skulls skullls skulls

Submitted by Time-runithed-out on 03/06/2004 at 04:12. ( )

yes my experts with volumes of knowledge i'm back i need to know how to clean a skull of all meat and brainage i'd like to do it simple and fast if that helps i mean i know you can do it the natural magget/ant/insect way but its still kinda cold so yea they arn't geared up yet please give me help

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I'll beat everyone to it.

This response submitted by Vic on 03/06/2004 at 08:25. ( )

Click on the orange search button. There are many way's to do it but I like to take most of the meat off and throw it in a bucket of water. You can add lysol if you wish, let it sit for a week, drain, add more water and let nature take it's course. When the skull is done make sure you don't loose any teeth. For the final draining I pour it through a nylon, then rinse the skull with a hose if it's warm out or in the utility tub if it's not.

Ouch on the lysol

This response submitted by Raven on 03/06/2004 at 08:59. ( )

Lysol kinda defeats the purpose of putting it in a bucket of water...

Remove as much meat as you can - leaving some scraps to build a cluture with (more on that in a minute). Flatten the end of a 1/8 wire thats about 10 inches long and ben that last two inches into a slight curve. Put it into a drill - stick it intot he foramen major (the hole where the spinal cord goes in) and start drilling. The wire will slice n dice it's way through the brain turnign it to goo. Tip the skull on end and the brian will ooze out. Once you get out all the brain that you can - simply drop it in a bucket of water that is NOT tightly sealed and let it sit for a week. Now heres the culture part. A natural present airborn bacteria will start to develope its own culture in the water and turn everything intoa flesh dissolving necrotic soup that will remove the flesh from your skull. Adding lysol or anti-bacterial anything will kill the bacteria that you so desperately need for htis process to work effectively. At the very least it will rapidy slow down its effectiveness. After a week - remove the skull and have a look at it - rinse it under water and see how much flesh is left. If it needs to go back in, do a 50% water change and plop it back in. The culture does have optimum parameters.. not enough oxygen and the culture slows down.. too much oxygen and the culture dies. A 50% water change every week is usually all it takes to keep everything running optimaly. You can strain the 50% water you plan to keep to remove large elemennts of debris, as the bacteria in the water will do fine without those chunks on the bottom.

Once you are satisfied with the flesh removal, proceed to degreasing and whitening (if desired).

Hope that helps =)

thanks yall

This response submitted by Time-runithed-out on on 03/06/2004 at 09:18. ( )

thanks yalloh raven do i need to put a top on the bucket? and what about just boiling it will that work ?


This response submitted by Raven on 03/06/2004 at 09:57. ( )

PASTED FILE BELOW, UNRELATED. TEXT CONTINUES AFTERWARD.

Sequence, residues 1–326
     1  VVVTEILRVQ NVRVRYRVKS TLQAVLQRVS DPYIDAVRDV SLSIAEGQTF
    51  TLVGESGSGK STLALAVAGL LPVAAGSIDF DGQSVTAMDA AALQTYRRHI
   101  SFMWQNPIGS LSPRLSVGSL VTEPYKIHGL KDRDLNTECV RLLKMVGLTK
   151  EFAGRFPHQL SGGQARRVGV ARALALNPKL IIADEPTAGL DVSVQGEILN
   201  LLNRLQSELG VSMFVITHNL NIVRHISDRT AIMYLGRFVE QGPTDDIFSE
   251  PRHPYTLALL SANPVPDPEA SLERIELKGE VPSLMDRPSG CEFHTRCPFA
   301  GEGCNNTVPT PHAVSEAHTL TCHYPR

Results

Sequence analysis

Foramen Magnum - not foramen major - had a lil brain hiccup there =)

Uncoverred is best at least for a the first couple days... Putting a lid on it restricts the amount of air contact you get and thus a smaller amount of bacteria to begin your culture. Once that incubation period is over (48 hours should be plenty) you can snap a lid on it. Be sure to vent the lid or at least remove it periodically ans swsh the contents around. You want to avoid build ups of gases that can alter the cultures performance. It doesn't ALWAYS make that much of a difference, but I prefer to not take chances. Be warned that although this is one of the best ways to clean skulls and bones.. it is also one of the most 'aromatic' shall we say ;)

Boiling is hard on skulls. It can do suture damage to varying degrees, cause rapid expansion of the dentine and cementum inside teeth, forcing the enamels to crack (this can also happen from freezing) and it can easily 'set' fats and oils into the bone where even acetone or other strong solvents or degreasers cannot remove it. It is also a major cause of chalkiness and flaking.

Sal Soda and any sort of chlorinated bleach product are also no-no's for cleaning skulls, despite their wide spread popularity. The sodium and chlorine in them replace the calcium in the bone.

Hope that helps =)


This response submitted by oldshaver on 03/06/2004 at 10:23. ( )

Just learned something Raven. I have seen taxidermists boil skulls, but what you have said makes alot of sense.


This response submitted by Vic on 03/06/2004 at 11:37. ( )

What you describe is what I have done for years and think it works best. I add lysol to cut the smell for the couple of days that the lid is off. The total process takes about 2-3 weeks for me. I don't use much lysol so maybe that's why.

I tried this

This response submitted by Dean on 03/07/2004 at 22:02. ( )

and it works really good but the first time i took the lid off I almost puked. I was dry heaving as I was changing the water. Remember not to lose any teeth.

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